Back in the late 1990s, I was working on a pilot rewrite for CBS with a group of writers. There were four people in the room with me: the head writer, a young writer from The Simpsons, and two older writers whose careers had started back in the 1960s on The Dick Van Dyke Show and later The Monkees.
There are few people I enjoy meeting more than old comedy writers. They have a million great stories, which they will eventually get to once they finish complaining about their prostates and the pastrami they’re serving at this deli. That day, we were stuck on a scene and couldn’t quite figure out what to do with it. We needed a piece of action to kickstart the scene—a bit. I pitched something and the room laughed. As the head writer started to type it up, the young writer stopped us.
“Wait a minute,” he said. “Isn’t this kind of familiar? I mean, haven’t we seen this before?”
To which one of the old guy writers responded: “Did it work? Well, then…”
Today we’re going to take a look at how this principle, “Did it work? Well, then…”, has applied to the movies in the form of remakes. Specifically, we’re going to look at movies that have been remade several times. And you know what? Almost all of them worked!
In 1930, the great mystery novelist Dashiell Hammett published a noir thriller novel. It was a big bestseller and was immediately made into a movie. The first version was originally called The Dangerous Female but later was renamed The Maltese Falcon (1931). It starred Ricardo Cortez, Bebe Daniels, Dudley Digges, and Otto Matieson. Never heard of any of them? There may be good reason. This version was pretty bad, and Warner Brothers realized they had bungled the job of turning a perfectly excellent book into a movie. Five years later, they tried again, this time with a version called Satan Met a Lady (1931). In this version, the character of Sam Spade (Humphrey Bogart’s part later on) was cut. This version does have the benefit of Bette Davis, but again, a failed project.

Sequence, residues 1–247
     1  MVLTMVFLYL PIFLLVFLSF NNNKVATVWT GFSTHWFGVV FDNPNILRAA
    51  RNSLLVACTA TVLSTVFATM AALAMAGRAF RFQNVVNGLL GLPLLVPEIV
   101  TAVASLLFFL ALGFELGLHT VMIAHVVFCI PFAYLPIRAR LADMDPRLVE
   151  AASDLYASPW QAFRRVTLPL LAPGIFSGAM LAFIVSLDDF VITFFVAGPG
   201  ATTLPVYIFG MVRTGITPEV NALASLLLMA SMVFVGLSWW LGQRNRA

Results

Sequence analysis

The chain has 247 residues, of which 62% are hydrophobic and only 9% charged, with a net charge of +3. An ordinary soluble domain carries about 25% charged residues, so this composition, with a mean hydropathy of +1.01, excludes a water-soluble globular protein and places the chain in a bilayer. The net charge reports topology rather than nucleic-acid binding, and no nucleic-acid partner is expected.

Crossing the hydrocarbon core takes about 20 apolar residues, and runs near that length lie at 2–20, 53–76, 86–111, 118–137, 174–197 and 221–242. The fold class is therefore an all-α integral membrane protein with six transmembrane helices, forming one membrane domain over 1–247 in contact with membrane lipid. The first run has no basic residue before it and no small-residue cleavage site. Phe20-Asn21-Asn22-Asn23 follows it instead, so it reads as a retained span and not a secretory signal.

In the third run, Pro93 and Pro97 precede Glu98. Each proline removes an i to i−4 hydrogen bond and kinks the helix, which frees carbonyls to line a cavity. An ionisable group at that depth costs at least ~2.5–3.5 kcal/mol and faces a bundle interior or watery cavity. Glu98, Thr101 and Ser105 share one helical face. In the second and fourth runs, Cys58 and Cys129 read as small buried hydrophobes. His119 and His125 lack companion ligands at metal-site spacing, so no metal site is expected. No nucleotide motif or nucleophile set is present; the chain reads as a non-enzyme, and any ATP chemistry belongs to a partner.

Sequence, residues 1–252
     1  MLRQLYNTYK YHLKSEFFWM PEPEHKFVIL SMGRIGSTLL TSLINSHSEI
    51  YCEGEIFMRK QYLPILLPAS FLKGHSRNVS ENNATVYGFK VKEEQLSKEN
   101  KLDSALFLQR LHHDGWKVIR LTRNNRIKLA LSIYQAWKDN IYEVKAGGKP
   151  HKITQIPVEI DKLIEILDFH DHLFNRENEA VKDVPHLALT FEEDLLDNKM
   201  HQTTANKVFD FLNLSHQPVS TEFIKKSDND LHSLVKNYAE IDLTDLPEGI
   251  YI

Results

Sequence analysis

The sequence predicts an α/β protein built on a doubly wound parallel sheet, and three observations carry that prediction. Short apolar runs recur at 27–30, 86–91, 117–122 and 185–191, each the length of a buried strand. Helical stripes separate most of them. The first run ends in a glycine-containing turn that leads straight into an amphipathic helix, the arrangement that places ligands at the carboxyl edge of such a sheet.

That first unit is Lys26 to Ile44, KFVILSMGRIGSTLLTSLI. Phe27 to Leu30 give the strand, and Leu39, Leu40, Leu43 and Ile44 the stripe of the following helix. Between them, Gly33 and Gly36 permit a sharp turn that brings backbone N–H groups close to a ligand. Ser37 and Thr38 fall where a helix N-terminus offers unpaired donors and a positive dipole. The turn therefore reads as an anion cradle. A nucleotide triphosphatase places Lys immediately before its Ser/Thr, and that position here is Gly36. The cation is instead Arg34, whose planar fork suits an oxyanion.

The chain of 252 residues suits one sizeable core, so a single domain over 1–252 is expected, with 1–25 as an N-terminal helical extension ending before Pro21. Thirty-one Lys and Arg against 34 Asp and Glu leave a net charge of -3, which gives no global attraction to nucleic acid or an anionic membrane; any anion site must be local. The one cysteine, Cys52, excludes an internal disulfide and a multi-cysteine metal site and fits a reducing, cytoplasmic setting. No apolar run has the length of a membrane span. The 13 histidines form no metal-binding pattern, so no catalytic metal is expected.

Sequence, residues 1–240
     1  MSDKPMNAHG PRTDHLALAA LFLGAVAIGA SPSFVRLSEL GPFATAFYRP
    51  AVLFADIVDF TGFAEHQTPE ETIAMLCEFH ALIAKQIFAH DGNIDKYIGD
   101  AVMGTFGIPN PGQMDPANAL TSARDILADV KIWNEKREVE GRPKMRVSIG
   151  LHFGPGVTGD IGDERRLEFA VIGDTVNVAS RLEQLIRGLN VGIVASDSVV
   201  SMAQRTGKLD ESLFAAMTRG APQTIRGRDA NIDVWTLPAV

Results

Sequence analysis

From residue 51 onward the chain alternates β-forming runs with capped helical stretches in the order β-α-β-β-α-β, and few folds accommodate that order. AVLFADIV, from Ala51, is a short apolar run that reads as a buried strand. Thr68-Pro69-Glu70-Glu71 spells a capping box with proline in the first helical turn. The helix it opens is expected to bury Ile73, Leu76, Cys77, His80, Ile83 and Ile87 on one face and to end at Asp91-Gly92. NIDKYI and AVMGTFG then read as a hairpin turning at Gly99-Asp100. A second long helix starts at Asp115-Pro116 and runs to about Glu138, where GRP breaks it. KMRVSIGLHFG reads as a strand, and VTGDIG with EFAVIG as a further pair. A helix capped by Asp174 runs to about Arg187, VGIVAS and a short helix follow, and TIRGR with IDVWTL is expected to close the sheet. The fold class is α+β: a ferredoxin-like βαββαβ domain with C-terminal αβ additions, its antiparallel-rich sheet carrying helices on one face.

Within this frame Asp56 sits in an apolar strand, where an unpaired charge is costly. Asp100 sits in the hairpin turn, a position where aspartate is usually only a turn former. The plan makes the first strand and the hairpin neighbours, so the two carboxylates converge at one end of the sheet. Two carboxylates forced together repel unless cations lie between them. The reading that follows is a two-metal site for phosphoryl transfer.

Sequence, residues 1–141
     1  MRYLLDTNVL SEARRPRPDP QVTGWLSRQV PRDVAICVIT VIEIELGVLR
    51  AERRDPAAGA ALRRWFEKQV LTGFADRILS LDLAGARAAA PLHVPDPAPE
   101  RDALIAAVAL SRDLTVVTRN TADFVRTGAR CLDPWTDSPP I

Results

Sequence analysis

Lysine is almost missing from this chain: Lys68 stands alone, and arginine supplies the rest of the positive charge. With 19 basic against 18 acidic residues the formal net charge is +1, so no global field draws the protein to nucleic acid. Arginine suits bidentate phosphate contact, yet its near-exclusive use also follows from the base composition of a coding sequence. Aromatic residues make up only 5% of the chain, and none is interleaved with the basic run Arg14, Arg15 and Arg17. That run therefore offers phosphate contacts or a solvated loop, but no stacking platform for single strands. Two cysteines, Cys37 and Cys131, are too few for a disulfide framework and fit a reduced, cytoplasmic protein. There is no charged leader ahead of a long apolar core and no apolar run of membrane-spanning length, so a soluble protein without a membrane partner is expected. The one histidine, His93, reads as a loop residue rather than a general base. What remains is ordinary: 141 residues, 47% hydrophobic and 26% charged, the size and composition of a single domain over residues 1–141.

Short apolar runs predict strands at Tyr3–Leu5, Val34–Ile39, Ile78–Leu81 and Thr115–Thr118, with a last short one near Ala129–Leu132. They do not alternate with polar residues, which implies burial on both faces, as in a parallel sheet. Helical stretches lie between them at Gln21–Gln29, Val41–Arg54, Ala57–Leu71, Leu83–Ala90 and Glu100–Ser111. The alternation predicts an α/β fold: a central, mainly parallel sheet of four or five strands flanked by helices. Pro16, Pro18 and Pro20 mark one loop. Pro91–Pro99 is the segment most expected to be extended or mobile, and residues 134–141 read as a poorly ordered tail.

Finally, in 1941, Warner Brothers ordered another remake—a third version of this story. This time they got it right. One could almost say they got it perfectly right. The Maltese Falcon (1941) is a fabulous movie. Directed by John Huston from a script he wrote, this version is made luminescent by Humphrey Bogart. This is the Bogart we love: cynical, dark, brooding, and unstoppable. Filling out the stellar cast are Mary Astor, Peter Lorre, and Sydney Greenstreet. I recommend renting all three, and watching them in sequence. It’s a fascinating example of Hollywood reworking things until they get it right. And boy oh boy did they get it right on the third try.